On Monday, five Assemblymen brought forward eight related housing bills that target development and impact fees.
Eight housing fee bills in the Assembly
Assembly members Rob Bonta (D-Oakland), David Chiu (D-San Francisco), Jesse Gabriel (D-Encino), Todd Gloria (D-San Diego), and Tim Grayson (D-Concord) jointly authored and announced the bills, which are designed to combat the housing crisis in California. According to a press release from the office of Assemblyman Grayson, the following bills were introduced:
AB 1484: Provides a comprehensive reform of the nexus standards that cities and counties use to determine their fees.
AB 1924: Requires jurisdictions to assess fees on a per-square-foot basis, giving developers the option to build smaller, more affordable units without being penalized with multiple fees.
AB 3144: Provides state funding to reimburse local governments who waive impact fees on affordable projects.
AB 3145: Establishes a ceiling for development fees based on the median home price in a jurisdiction. Cities and counties that exceed this ceiling will be required to seek approval from the Department of Housing and Community Development, and justify the need to do so.
AB 3146: Requires cities and counties to report a wide variety of essential housing data to the Department of Housing and Community Development, including the number of new housing units that have been issued a completed entitlement, a building permit, or a certificate of occupancy.
AB 3147: Ensures that certain impact fees are payable under protest. This allows for a developer to pay a fee they consider to be unreasonably high so they can continue construction.
AB 3148: Reduces the impact fees paid on affordable housing units that are built using the state’s density bonus program.
AB 3149: Modernizes the way that local agencies notify interested parties prior to levying a new fee or service charge or prior to approving an increase in an existing fee or service charge.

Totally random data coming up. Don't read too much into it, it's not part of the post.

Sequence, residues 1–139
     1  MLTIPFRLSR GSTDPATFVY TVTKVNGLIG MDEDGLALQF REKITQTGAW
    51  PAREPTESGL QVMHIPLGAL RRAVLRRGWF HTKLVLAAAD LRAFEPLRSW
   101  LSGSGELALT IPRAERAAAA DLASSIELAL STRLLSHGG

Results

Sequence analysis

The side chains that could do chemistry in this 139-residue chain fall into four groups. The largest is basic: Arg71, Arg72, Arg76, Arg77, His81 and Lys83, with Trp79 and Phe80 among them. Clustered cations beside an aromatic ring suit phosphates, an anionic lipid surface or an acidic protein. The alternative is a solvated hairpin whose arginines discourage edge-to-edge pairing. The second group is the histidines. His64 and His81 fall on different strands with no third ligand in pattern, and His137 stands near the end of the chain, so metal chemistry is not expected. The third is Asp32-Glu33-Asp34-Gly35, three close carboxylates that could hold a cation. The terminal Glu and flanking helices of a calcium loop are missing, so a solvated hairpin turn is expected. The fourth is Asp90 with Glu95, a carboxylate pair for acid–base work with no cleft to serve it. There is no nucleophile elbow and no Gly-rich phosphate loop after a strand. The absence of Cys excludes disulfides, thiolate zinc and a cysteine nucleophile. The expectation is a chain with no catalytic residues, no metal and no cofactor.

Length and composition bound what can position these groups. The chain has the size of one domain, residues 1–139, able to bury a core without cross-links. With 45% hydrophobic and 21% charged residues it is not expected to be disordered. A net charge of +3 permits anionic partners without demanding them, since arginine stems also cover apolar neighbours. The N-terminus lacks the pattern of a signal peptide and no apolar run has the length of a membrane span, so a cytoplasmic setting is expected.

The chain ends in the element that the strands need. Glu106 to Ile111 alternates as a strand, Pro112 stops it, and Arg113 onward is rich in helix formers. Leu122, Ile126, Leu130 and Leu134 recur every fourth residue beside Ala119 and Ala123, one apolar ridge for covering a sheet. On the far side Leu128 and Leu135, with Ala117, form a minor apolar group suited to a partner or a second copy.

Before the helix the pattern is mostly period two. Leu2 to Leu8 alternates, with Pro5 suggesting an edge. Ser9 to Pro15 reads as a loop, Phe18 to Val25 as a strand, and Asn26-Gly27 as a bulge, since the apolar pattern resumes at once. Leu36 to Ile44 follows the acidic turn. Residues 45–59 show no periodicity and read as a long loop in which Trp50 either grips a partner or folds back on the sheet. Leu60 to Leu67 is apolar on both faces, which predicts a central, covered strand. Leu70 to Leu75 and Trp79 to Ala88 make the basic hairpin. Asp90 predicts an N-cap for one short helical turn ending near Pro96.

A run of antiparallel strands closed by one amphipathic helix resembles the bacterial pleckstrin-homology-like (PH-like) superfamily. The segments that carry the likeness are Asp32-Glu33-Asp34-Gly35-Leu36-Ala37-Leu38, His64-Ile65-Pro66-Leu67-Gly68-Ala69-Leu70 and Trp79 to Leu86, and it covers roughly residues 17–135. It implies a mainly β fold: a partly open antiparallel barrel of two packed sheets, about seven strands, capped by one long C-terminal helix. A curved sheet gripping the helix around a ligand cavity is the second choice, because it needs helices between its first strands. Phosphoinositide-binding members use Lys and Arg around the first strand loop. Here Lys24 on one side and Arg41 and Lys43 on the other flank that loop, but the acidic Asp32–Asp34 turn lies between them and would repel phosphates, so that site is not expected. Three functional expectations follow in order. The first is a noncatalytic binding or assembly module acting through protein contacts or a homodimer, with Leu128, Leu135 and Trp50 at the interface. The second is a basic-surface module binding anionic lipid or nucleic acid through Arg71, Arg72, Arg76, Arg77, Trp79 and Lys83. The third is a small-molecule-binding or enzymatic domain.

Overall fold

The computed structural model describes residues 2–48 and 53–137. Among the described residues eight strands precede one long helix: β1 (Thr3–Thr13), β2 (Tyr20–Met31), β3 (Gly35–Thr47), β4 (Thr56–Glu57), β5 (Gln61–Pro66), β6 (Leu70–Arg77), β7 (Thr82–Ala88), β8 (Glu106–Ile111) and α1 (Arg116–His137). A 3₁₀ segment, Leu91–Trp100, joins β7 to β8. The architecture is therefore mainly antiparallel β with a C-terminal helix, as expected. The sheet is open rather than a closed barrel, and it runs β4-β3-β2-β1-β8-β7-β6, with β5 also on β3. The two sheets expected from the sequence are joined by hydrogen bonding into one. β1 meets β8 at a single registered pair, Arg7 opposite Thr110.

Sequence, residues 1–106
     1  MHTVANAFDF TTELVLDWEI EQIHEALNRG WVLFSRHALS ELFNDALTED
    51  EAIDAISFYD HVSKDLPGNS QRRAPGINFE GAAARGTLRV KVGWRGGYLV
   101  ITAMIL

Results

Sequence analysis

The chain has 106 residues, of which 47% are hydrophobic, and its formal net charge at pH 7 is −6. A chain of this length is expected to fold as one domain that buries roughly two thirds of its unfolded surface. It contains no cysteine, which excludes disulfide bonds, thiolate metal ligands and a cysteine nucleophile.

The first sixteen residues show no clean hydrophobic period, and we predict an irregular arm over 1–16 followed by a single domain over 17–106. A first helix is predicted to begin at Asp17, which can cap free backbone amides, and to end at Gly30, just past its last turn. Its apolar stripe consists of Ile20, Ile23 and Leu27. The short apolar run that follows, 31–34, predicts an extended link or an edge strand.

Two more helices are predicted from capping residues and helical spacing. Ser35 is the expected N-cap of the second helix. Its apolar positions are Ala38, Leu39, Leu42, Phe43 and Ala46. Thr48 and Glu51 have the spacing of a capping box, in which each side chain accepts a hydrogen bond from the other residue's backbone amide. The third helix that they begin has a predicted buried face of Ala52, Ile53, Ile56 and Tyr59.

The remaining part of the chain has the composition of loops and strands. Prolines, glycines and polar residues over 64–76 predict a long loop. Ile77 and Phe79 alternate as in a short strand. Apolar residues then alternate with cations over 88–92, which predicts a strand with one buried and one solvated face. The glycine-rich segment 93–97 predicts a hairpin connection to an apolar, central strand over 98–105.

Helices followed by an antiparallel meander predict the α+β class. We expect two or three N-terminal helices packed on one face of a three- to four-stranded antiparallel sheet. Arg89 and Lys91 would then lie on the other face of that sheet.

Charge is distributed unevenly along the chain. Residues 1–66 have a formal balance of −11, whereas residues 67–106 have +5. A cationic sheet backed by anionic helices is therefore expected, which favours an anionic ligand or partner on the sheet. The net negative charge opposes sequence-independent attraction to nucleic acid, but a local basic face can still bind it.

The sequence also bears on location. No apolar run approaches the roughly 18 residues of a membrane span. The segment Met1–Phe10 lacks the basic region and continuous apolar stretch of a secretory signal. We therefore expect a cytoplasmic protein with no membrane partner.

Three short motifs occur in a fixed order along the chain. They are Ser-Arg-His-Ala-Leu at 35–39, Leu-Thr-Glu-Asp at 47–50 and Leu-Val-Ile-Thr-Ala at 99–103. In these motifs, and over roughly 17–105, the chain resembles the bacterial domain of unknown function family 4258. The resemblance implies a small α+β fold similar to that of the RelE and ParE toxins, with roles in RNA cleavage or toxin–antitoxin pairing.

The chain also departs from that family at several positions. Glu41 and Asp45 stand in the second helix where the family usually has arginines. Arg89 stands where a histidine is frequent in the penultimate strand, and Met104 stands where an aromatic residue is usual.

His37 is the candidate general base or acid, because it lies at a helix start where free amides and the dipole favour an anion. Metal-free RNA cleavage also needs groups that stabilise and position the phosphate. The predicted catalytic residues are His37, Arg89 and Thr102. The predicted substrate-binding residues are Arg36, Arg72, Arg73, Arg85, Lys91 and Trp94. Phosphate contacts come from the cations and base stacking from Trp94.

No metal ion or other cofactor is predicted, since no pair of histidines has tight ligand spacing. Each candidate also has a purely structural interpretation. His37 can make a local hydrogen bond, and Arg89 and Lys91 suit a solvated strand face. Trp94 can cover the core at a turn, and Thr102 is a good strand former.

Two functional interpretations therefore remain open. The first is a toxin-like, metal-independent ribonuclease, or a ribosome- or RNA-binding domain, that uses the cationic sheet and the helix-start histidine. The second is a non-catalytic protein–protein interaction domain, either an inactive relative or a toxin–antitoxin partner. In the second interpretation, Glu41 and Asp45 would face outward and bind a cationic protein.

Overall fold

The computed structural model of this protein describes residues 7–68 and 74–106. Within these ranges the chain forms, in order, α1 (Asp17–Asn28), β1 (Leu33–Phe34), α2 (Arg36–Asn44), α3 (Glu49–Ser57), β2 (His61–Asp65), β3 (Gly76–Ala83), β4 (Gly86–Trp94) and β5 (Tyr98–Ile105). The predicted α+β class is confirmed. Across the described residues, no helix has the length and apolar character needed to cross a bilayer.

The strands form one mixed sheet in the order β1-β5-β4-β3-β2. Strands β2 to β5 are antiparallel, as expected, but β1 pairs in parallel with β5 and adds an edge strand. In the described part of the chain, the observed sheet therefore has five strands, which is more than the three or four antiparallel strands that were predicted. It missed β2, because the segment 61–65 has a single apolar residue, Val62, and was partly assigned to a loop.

Why the bills are in the Assembly
Several of the Assemblymen also further clarified what the bills will do and why they decided to introduce them.
“Between the stories I’ve heard from communities across our state and the extensive studies conducted on the costs of housing, it has become clear to me that we simply cannot achieve our ambitious housing goals without working to reform fees that are exclusionary and regressive,” announced Assemblyman Grayson.
Development fees causing higher home prices were especially pointed out, with fees comprising up to 18% of the cost of new Californian homes, sometimes being as high as six figures.
“We have to face fact. It is extremely expensive and difficult to build housing in California,” said Assemblyman Chiu. “With a 3.5 million housing unit shortage, we have to find ways to encourage housing production. Lessening the amount of impact fees will make it easier and less expensive to build the housing we so desperately need.”
Assemblyman Todd Gloria also spoke on the bills, saying “This package of bills ought to be seen as complimentary of the Assembly’s work to find a significant, ongoing investment to replenish the revenue lost since the dissolution of Redevelopment. Reform and revenue are not mutually exclusive of one another.”
Those who stand to lose if the bills are passed
While like any block of introduced bills, not all are expected to be passed by the end of the year. However, many developers have already shown acceptance of some of the proposed laws, most notably those that waive certain fees and lessen how much they may need to pay in up front fees. But there may also be some troubles ahead, especially with those groups that may lose out on money coming in from those fees.
“Look at how well AB 1484 did it’s first time out in the Assembly last year,” noted former developer assistant Margot Kinsey. “No one was opposing it. It goes to show that lawmakers recognize the fee problem and want to get it passed. Developers win because they save money and get to build things quicker. Consumers win by having cheaper housing. Governments win by bringing in cheaper affordable housing.
The only place it might decline is in city ans state services. When I helped my boss fight some of these fees before we found out that that fee money went to things like schools. It went to education. And it went to sidewalk repair, and building parks, and maintenance. That’s all important, and that needs to be figures out or I guarantee you that come Assembly and Senate voting that any group or union who sees this money come in is going to raise hell if no viable replacement is found. To a lot of people this is like robbing Peter to pay Paul.
I know from prior experience in helping my boss write drafts that anything where you propose on taking something beneficial away from kids is always going to lead to a fight.”
All eight bills are currently being sent to Assembly Committees where they are expected to be heard in the spring.
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